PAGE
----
The Greeks and Romans did it. Ottomans and the Japanese practiced its health-enhancing benefits. Stretching back to Mesopotamia, spa-going is not a new phenomenon. It's been practiced for thousands of years and by an untold number of cultures.
There's some disagreement as to the derivation of the word spa. It has been suggested that the word originates from the Latin verb "spagere" - to pour forth, or as in the phrase, "Salus Per Aquam," meaning health through water, but these assertions are only suggestions. More likely, the term is derived from the name of the Belgium town, Spa, well-known since Medieval times as a source for healing illnesses caused by iron deficiency. Patrons there drank chalybeate, or iron bearing, spring water whose mineral essentials healed what ailed them. An Englishman who had been to the town of Spa, discovered a chalybeate spring in Yorkshire, England, where he built what became known as the first English resort for drinking medicinal waters. As time went on, the word "spa" referred less to resorts for water drinking and more generally defined a place offering external remedies.
No matter its word origins, the spa has served as a prominent place in many cultures. During the Classical Age, Homer and other writers reported how Greeks enjoyed a variety of baths, as early as 500 B.C. Emperor Agrippa, in 25 B.C., created the first Roman thermae, or large-scale spa. As emperors tried to outdo the efforts of the last, thermaes were built across the Roman Empire, from Africa to England. These sometimes extravagant complexes included sport activities, restaurants, and a variety of baths.
Although the Roman model of hot/cold baths, massage, exercise, and skin treatments was formative to today's spa experience, these traditions can also be as varied as the cultures who indulged in them. In 737 A.D., the first onsen, or hot springs, was opened near Izumo, Japan. Later, ryoken, or inns, were built to offer Japanese patrons accommodations, fine food, Zen gardens, and a various baths. In the Ottoman Empire, beautifully designed mosaic hammans are still admired today. The Baths of Roxelana, built in 1556, was a crowning example of the Ottoman spa, with a massive towering steam room, washing quarters, and expansive massage platforms.
In Europe, spas flourished around natural hot springs. Places like Bath, England and Baden-Baden, Germany became popular resort towns because of their natural thermal waters. These European spa towns were known as ville d'eau, or town of water. Taking the waters at places like Bath served as a fashionable means of leisure. As the only naturally occurring hot springs in the United Kingdom, it was a resort city for the wealthy during the Elizabethan and Georgian eras. Britain's Queen Victoria was an annual visitor to Baden-Baden and made the health benefits of this spa town well known during her reign. The Europeans also became scientific about their spa-going during this time. Regimens were developed by various individuals attempting to treat disease and create a holistic approach to living.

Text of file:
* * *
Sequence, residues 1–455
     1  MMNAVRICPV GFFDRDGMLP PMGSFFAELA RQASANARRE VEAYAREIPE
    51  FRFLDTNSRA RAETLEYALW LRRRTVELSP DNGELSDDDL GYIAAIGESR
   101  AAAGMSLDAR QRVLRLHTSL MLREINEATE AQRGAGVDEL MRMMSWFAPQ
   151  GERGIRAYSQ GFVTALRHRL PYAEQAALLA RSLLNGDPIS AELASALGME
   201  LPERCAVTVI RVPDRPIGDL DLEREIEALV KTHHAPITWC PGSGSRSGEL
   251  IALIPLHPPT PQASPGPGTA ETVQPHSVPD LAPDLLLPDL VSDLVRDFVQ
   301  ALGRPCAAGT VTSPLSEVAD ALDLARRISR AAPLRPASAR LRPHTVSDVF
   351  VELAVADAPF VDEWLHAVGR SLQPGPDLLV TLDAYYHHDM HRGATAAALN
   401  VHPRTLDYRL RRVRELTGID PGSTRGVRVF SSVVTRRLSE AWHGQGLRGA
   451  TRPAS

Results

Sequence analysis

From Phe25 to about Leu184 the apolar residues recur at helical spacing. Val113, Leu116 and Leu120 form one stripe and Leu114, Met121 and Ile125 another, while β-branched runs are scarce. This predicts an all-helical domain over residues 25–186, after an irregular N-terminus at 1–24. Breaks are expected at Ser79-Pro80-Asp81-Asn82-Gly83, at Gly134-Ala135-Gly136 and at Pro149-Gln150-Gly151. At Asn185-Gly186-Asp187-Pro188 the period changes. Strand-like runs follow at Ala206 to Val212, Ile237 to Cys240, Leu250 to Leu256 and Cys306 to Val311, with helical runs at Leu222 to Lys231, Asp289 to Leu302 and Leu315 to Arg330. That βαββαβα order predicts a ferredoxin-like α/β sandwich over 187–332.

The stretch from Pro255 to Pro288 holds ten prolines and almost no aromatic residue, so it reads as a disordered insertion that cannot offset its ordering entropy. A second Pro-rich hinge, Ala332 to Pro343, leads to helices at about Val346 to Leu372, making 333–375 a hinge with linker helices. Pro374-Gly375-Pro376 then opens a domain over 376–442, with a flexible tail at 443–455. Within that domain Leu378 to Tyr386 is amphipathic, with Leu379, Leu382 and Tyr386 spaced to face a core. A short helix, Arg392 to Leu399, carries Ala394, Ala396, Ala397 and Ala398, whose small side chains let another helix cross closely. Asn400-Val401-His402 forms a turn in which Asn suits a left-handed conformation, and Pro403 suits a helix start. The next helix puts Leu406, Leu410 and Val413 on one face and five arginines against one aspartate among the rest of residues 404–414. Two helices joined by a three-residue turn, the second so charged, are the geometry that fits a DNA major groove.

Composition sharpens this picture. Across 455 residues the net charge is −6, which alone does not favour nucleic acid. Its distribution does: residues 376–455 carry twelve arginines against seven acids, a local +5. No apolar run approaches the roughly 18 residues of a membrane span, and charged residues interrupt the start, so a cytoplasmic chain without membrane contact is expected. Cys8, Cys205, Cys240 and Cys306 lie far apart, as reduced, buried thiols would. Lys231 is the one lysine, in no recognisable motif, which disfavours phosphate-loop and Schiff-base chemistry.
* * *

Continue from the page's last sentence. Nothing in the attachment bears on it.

The healing properties of hot springs were being discovered by the Native Americans as well. Referred to as Valley of the Vapors, Hot Springs, Arkansas drew various tribes to its springs. By 1832, the Hot Springs National Park was formed, which granted protection of the thermal waters, giving Hot Springs the distinction of being the first national park to be designated for government protection. Nicknamed "The American Spa," visitors from around the world flocked to the natural hot springs. Today, this rich history is preserved in the faithfully-restored Fordyce Bathhouse, a museum and visitors center on Bathhouse Row. A variety of bathing facilities are open as well to visitors on Bathhouse Row and in hotels and spas downtown.
Meanwhile, New York's Saratoga Springs drew the likes of Edgar Allen Poe and Franklin Delano Roosevelt during its heyday. Its healing powers were originally well known to area Native Americans who introduced Sir William Johnson, a British hero of the French and Indian Wars, to the springs for his war wounds. The rich and famous also traveled to Mount Clemens, Michigan, to experience its magical mineral waters pumped from 1,400 feet under the city. Following the opening of the first bath house, "America's Bath City" reached its height of popularity in the early 1900s.
Elizabeth Arden, cosmetic maven, introduced thousands to the concept of the day spa when she opened the Red Door Salon in Manhattan in 1910. There, women indulged in manicures, facials, and the signature "Arden Wax." Arden also transformed her home in Maine into a health spa named Maine Chance. Her long list of celebrity clientele included Mamie Eisenhower. The world's first destination spa, Rancho la Puerta, was opened in California in 1940 by Edmond and Deborah Szekely. Long before organic food became en vogue, the Szekelys espoused the benefits of organically grown foods, which are so popular in spa resorts today.
From the ancient days of "taking the waters," to today's more scientific treatments such as hydrodermabrasion, spa-going has emerged as a part of a global awareness for prevention, healthy lifestyles, fitness, relaxation, and spirituality. What was once intended for the wealthy has now been embraced by popular culture. Spa boundaries are no longer just defined by a place or destination. Patrons of the spa can enjoy its influence in everything from fashion and cosmetics to home dacor and cuisine - all creating an overall sense of wellbeing and catapulting the spa to the fourth-largest leisure industry in the U.S.
Skin Body Care